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Conversion to Judaism Rabbi Samuel Altschul and Miriam Bell


According to the Orthodox viewpoint, there are two ways a person can become Jewish. One is being born to a Jewish mother; the other is going through a conversion process.

Converting to Judaism, the religion of the Jewish peoples, is a decision which cannot be made lightly. The conversion will impact on every aspect of the candidate’s life from their lifestyle to their relationships. It may challenge the candidate and throw into crisis much that s/he holds dear. This is because conversion is a decision to change one’s identity, loyalties and, often, fundamental beliefs.

The conversion process consists of two components which complement each other:

  • A learning component (a “Limmud”) during which the candidate is expected to acquire substantial knowledge about Jewish life, religion and history.
  • A practical component under which the candidate is expected to participate fully in the life of the congregation, including attending all services. If the candidate has a Jewish partner they are also expected to join the congregation and attend classes, services and communal functions.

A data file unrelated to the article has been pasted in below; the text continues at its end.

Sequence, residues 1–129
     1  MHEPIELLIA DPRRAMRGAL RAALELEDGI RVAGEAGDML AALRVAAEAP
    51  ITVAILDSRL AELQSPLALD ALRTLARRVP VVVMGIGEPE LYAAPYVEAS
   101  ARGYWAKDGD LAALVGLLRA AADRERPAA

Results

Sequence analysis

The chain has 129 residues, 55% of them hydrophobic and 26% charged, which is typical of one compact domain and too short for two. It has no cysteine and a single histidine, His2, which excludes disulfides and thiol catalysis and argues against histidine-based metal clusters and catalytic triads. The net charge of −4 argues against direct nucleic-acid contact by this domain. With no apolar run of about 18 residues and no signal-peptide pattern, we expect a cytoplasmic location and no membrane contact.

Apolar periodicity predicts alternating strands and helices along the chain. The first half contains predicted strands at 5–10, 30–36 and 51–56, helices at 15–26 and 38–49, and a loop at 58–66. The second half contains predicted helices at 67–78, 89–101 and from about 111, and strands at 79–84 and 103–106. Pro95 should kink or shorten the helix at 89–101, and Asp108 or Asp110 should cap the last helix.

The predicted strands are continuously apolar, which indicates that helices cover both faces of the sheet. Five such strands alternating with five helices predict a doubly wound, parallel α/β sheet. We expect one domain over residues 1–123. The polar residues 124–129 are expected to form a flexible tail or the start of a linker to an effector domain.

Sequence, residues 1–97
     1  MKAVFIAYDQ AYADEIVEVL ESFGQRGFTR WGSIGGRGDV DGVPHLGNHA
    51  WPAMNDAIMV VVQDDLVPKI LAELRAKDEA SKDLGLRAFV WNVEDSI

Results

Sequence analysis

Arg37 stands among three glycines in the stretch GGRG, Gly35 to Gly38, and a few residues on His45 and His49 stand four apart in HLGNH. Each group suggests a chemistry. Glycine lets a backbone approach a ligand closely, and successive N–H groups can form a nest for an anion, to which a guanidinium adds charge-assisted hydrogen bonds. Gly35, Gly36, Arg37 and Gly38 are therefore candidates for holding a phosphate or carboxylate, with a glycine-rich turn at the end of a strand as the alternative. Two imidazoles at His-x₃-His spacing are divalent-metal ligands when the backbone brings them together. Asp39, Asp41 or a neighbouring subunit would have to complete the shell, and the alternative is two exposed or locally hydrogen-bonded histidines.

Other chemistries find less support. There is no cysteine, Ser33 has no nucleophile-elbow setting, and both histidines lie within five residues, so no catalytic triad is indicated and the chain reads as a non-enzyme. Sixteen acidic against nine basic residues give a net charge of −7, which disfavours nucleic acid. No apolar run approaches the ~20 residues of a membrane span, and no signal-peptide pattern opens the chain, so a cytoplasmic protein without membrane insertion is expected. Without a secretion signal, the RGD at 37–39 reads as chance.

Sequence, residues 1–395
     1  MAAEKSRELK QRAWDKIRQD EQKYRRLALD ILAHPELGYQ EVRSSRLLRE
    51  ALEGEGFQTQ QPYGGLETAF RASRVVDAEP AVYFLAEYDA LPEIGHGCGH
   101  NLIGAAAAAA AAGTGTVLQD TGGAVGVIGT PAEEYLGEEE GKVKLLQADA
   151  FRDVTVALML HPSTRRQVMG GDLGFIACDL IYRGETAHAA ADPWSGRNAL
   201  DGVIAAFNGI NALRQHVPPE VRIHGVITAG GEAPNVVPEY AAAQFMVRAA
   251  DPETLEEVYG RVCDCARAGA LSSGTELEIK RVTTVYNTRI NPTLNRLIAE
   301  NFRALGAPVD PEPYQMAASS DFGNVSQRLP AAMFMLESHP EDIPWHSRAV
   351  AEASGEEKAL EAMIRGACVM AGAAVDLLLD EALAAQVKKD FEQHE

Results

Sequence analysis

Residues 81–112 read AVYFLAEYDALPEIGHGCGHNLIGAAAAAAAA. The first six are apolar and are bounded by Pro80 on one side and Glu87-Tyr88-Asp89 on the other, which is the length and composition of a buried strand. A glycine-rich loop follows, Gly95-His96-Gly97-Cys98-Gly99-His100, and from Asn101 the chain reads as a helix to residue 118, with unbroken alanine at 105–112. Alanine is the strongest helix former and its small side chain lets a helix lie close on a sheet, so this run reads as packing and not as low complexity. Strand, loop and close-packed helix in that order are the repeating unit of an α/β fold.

During the conversion process the candidate is expected to become a fully observant Jew. This includes keeping fully kosher (inside and outside of the home), observing the Shabbat and living according to the laws of family purity. Observing the Shabbat (being Shomer Shabbat) means walking to the synagogue as well as not infringing any other basic prerequisites of Shabbat (eg: not using electrical appliances and/or the telephone).

As such, there is no conversion programme per se and no specified length of study. It is a highly individual process and every candidate is evaluated according to their abilities. When the supervising rabbi decides the candidate is ready, the candidate appears before a Beth Din (a Rabbinical Court consisting of three Rabbis) who accept the candidate on the understanding that the person commits to living a Jewish life and raising Jewish children.

In New Zealand, all candidates are expected to spend time in an observant community overseas (eg: Australia) to get a feeling of how it is to live in a fully observant community, as part of the conversion process. When the time comes, New Zealand converts are referred to the Sydney Beth Din for the formal test and consideration for acceptance into Judaism. This includes “Tevilah” (immersion in a ritual bath) and circumcision for men.


Image above header: Photograph reproduced here with permission from photographer Stephen Robinson. © JoM

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